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Coronavirus: Ministry ready for third jab, no tightening of measures (updated)

vaccination

The health ministry is ready to administer booster shots should the cabinet give it the go ahead, with the health minister adding that further restrictions are not currently on the table.

Health Minister Michalis Hadjipantelas ruled out a loosening of the restrictions, saying “it is a bit difficult to relax the measures,” but he added that “no one can foresee what will happen in the next two to three months” – hinting that stricter measures in the future are a possibility.

He offered that Cyprus has now passed through the height of the “fourth wave” but cautioned that should a “fifth wave” hit the island then the appropriate measures will have to be taken.

Asked what would happen to the vaccinated in a possible future lockdown, the health minister said that: “We will look at everything once the time comes, at the moment, for the next month this (a lockdown) isn’t on the horizon.”

As for the possibility of a third dose (a second dose for J&J recipients), Hadjipantelas told CNA on Thursday that he has asked his advisors to set out their case in writing by Friday. This week, many of the advisors publicly called for Cyprus to proceed with booster shots.

The health minister also asked for the advisors to state in writing their stance on the “mix and match” scenario – people receiving vaccines from companies other than those with which they were initially vaccinated, and potentially with different technology (mRNA for example).

The issue has proved tricky however, as Cyprus typically follows EMA (European Medical Agency) guidelines, and the organisation has so far not decided on whether nations should proceed with booster shots.

The cabinet is now mulling whether to wait for the greenlight from the EMA or not.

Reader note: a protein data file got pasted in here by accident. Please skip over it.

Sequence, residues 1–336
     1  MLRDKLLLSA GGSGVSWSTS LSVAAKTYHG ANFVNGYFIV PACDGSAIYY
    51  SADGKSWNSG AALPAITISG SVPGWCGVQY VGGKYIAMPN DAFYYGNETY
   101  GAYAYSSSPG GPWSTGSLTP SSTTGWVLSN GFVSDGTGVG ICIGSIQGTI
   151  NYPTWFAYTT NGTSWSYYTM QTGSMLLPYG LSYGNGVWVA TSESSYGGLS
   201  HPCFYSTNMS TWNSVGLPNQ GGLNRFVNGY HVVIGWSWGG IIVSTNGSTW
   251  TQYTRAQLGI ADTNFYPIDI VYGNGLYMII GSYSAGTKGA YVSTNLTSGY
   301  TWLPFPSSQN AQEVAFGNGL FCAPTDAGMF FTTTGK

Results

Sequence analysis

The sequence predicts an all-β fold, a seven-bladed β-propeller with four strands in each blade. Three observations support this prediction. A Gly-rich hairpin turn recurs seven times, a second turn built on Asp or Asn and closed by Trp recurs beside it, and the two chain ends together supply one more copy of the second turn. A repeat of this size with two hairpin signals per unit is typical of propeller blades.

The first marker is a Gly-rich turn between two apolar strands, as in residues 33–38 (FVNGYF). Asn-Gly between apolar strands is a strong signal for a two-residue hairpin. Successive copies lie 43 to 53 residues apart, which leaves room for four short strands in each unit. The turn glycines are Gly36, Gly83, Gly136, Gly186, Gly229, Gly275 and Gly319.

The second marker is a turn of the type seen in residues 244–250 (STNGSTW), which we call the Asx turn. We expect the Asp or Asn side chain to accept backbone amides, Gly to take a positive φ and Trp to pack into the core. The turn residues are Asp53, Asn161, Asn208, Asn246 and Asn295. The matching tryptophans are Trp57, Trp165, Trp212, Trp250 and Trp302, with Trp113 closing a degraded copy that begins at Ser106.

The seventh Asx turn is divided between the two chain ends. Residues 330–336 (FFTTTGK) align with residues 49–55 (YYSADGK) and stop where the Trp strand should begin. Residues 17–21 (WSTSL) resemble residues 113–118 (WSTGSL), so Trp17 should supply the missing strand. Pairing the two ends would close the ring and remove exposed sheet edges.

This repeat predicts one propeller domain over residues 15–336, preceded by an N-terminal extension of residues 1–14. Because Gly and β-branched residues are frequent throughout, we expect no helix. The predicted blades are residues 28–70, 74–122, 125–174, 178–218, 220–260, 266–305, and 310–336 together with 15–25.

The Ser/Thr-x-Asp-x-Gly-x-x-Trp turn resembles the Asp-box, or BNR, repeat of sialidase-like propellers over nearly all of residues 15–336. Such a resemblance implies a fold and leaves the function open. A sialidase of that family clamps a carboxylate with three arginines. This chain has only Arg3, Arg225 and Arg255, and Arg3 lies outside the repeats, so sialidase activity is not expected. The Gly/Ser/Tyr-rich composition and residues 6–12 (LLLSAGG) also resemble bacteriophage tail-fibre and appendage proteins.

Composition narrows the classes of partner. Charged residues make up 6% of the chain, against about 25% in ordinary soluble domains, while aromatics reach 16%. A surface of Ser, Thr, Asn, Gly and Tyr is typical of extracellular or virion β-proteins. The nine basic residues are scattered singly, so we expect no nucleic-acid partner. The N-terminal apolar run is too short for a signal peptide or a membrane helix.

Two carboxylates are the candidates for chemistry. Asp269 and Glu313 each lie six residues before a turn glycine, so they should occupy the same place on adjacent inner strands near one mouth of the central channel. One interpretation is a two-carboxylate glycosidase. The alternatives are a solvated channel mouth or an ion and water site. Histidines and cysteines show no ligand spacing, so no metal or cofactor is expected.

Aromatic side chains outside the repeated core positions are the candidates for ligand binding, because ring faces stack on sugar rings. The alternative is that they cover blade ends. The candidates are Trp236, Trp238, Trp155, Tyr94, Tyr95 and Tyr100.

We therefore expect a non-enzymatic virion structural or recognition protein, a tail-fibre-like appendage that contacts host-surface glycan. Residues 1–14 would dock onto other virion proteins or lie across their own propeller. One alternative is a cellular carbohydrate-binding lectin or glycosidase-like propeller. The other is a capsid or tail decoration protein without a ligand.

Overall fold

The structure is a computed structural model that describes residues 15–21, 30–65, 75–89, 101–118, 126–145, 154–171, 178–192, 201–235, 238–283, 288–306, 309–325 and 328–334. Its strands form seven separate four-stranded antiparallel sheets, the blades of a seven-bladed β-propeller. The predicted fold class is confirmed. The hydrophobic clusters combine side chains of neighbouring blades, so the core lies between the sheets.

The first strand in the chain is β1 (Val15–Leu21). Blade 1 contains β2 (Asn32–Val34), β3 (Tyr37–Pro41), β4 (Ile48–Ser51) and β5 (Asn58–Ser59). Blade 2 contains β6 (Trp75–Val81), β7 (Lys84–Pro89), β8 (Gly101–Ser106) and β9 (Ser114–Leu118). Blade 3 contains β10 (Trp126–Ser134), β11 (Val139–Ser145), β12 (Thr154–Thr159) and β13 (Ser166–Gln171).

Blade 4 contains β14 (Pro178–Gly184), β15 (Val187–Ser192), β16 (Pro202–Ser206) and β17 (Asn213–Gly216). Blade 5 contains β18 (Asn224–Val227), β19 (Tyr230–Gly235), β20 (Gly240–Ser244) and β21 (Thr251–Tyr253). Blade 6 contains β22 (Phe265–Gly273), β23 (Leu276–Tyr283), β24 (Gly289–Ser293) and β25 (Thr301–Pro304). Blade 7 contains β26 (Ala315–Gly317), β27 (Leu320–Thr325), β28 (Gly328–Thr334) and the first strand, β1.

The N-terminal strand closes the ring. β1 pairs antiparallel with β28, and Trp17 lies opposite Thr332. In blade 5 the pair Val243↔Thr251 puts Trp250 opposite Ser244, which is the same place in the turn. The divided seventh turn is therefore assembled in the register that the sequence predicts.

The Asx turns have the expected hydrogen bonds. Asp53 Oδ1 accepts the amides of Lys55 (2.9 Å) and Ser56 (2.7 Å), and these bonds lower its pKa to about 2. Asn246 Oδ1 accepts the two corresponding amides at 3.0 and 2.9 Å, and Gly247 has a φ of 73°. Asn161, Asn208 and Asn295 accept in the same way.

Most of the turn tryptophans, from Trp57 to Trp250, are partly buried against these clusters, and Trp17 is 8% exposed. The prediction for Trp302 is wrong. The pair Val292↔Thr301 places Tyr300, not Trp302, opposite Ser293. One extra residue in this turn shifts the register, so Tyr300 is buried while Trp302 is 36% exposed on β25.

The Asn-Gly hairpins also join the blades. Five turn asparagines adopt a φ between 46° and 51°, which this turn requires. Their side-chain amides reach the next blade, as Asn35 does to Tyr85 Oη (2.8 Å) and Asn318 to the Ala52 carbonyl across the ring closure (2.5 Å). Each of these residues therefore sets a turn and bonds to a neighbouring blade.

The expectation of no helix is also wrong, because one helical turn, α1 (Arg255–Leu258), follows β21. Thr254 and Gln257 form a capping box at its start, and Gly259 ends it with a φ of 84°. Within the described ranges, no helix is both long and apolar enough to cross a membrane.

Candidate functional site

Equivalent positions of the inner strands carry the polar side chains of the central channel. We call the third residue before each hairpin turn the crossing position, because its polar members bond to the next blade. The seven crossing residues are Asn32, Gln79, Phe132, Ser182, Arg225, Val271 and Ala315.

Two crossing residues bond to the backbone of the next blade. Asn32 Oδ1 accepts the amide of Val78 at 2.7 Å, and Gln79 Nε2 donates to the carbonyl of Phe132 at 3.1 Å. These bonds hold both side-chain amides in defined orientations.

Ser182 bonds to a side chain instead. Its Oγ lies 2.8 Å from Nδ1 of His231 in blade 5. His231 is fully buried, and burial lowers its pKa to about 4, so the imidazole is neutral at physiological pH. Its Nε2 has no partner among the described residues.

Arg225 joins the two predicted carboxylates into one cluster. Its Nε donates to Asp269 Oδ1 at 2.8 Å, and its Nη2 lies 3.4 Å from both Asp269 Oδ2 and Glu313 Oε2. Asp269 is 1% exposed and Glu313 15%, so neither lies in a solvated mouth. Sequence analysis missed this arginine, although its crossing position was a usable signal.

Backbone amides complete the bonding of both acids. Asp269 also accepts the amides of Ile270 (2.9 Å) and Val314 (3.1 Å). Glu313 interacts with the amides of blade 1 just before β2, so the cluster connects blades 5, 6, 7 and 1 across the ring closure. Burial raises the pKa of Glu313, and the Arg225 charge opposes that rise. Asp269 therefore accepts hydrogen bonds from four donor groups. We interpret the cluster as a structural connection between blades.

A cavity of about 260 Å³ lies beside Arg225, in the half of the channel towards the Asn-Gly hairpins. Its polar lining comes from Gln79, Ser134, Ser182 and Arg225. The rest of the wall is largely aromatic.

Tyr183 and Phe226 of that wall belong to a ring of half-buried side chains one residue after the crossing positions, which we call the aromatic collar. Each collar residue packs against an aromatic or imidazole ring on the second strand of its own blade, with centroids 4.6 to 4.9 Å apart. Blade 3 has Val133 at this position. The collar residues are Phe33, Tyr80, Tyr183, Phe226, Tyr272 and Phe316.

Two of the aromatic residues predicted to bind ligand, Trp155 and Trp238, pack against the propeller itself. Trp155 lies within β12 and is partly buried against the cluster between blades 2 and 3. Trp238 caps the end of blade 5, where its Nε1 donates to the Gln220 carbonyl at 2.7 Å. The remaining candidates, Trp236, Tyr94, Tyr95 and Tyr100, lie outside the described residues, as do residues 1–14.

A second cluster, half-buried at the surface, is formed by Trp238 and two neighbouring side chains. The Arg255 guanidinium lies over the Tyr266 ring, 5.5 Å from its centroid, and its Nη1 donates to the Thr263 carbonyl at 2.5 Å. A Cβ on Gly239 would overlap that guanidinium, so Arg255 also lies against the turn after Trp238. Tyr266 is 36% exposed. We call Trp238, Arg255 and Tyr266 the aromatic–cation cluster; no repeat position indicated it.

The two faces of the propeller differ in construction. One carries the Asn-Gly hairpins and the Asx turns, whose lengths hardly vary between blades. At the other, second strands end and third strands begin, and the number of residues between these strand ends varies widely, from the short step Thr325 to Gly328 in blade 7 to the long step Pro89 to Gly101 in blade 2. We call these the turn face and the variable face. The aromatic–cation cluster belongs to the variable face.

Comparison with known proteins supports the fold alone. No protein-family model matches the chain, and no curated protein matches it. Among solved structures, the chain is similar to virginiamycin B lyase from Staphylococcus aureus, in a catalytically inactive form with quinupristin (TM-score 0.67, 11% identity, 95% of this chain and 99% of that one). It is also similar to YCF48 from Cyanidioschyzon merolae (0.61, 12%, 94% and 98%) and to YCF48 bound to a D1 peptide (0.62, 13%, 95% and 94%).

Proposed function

For its part, the EMA has repeatedly said that more data is needed before it can approve the use of boosters. Notably, the European Commission on Thursday emphasised that countries which decide to proceed with boosters without EMA approval may face increased legal risks.

A further complication has arisen as the WHO (World Health Organisation) repeated its call on Monday for nations to hold off on booster shots.

WHO Director-General Tedros Adhanom Ghebreyesus said that priority should be given to raising vaccination rates in countries where only one or two per cent of the population has been inoculated – as is the case in many African nations.

He also warned of the possible emergence of stronger variants if vaccination rates are not raised globally.

“In addition, there is a debate about whether booster shots are effective at all,” Ghebreyesus said on Monday.

Pfizer, meanwhile, is currently seeking US regulatory approval for a third injection.

The debate over booster shots has gained prominence in recent months following a dramatic rise in people testing positive in countries such as highly vaccinated Israel, causing concern over “breakthrough” infections.

This week researchers in Britain said that protection against Covid-19 offered by two doses of the Pfizer/BioNTech and the Oxford/AstraZeneca vaccines begins to fade within six months.

After five to six months, the effectiveness of the Pfizer jab at preventing Covid-19 infection in the month after the second dose fell from 88 per cent to 74 per cent, an analysis of data collected in Britain’s ZOE Covid study showed.

For the AstraZeneca vaccine, effectiveness fell from 77 per cent to 67 per cent after four to five months.

 

 

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